In Egypt, UNHCR has operational responsibility for conducting refugee status determination (RSD) as part of its mandate established by a 1954 Memorandum of Understanding with the government. In early 2020 UNHCR reported that 38% of all refugees and asylum seekers in Egypt are children, of whom 4,589 are unaccompanied and separated children. In mandate RSD settings, UNHCR may be responsible for conducting age assessments; however, the lack of publicly available international guidelines on UNHCR’s age assessment practice and procedures means field offices have considerable autonomy in how age assessments are conducted, which may compromise the fairness of the procedure and its adherence with international standards. As procedurally flawed age assessments undermine the fairness and accuracy of the RSD process and decision, it is crucial to tackle this issue.
Age assessment is the formal procedure of assessing an individual in order to establish their age – or range of age – in order to determine if the person is or should be considered a child. The UN Convention on the Rights of the Child (CRC) states that in the absence of evidence of age, children should not be punished by having their rights as children denied. However, in many countries age assessments are carried out in a way that may ultimately limit children’s rights, including their access to social welfare, when conducted without the relevant procedural safeguards and expertise.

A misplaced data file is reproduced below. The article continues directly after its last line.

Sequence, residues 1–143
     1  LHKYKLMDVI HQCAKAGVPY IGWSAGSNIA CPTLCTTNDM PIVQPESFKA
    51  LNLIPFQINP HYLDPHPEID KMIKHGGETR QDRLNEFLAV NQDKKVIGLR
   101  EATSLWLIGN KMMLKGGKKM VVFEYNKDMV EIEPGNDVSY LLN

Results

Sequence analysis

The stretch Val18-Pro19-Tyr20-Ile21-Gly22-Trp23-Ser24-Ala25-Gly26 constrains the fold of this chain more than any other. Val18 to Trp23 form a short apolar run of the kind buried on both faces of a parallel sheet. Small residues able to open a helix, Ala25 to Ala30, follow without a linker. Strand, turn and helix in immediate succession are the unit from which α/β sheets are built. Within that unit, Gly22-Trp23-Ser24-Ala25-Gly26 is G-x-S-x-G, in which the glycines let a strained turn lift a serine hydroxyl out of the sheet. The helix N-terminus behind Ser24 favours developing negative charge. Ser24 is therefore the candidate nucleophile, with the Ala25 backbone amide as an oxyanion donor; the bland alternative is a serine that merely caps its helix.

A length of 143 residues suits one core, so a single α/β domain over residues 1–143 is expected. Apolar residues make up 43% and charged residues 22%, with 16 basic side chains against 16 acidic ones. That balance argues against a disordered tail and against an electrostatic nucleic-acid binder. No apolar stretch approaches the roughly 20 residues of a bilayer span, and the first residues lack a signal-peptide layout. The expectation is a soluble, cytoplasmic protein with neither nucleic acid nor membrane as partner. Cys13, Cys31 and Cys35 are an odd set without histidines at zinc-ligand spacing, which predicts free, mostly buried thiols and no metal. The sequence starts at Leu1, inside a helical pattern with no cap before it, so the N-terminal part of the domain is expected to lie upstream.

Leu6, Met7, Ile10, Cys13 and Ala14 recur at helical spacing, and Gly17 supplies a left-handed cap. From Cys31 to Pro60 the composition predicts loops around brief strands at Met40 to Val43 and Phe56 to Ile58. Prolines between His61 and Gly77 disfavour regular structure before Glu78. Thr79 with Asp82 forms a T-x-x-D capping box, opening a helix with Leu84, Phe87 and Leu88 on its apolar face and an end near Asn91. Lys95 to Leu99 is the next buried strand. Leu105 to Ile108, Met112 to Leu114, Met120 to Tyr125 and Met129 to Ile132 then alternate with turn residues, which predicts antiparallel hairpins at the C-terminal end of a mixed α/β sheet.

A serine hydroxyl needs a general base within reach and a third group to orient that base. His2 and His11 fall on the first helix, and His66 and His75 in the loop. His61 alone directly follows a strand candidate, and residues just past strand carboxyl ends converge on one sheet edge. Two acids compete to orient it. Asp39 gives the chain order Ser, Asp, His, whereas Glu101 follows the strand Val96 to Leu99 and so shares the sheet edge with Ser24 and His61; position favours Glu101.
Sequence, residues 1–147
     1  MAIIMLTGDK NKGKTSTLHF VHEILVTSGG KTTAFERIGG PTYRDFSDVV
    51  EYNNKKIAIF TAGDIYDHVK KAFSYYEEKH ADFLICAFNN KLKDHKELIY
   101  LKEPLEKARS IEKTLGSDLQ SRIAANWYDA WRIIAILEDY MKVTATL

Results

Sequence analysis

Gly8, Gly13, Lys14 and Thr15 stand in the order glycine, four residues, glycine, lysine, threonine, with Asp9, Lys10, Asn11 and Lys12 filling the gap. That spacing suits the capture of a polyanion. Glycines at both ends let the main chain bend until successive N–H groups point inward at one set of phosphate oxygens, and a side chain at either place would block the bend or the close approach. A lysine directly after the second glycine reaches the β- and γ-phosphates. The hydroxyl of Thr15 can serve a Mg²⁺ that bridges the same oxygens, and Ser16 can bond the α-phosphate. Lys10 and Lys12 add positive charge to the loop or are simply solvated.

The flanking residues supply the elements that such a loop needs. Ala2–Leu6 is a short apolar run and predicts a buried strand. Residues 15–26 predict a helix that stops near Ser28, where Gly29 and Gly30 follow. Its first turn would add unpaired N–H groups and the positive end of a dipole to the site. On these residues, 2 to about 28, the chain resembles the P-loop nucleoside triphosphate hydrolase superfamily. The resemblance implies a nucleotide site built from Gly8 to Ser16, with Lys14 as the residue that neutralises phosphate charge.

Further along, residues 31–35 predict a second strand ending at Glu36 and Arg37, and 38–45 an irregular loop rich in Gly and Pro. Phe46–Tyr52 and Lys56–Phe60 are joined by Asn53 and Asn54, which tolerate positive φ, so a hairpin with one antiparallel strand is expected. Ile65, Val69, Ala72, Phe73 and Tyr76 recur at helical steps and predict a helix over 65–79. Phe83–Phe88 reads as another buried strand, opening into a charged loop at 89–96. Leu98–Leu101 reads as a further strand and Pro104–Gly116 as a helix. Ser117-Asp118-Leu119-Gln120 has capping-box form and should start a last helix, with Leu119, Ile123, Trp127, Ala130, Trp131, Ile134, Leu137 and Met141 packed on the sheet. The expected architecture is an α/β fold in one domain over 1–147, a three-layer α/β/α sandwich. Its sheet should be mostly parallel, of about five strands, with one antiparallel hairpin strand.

UNHCR Egypt started conducting age assessments of unaccompanied children in 2015. Between 2015 and 2019 the age assessment interview took place at any stage of the asylum application process. In early 2019, UNHCR Egypt stopped explicitly conducting age assessment interviews, and introduced a Multifunctional Protection Assessment interview. While UNHCR Egypt states that the Multifunctional Protection Assessment is meant to assess a range of vulnerabilities, many children who participate in these assessments are ultimately age assessed and processed as adults. UNHCR Egypt has not publicly shared the procedural details of these new protection assessments, other than to state they are in keeping with relevant international guidelines; however, observations by stakeholders (including staff of Saint Andrew’s Refugee Services, StARS, who subsequently assist children whose age has not been accepted by UNHCR) suggest otherwise.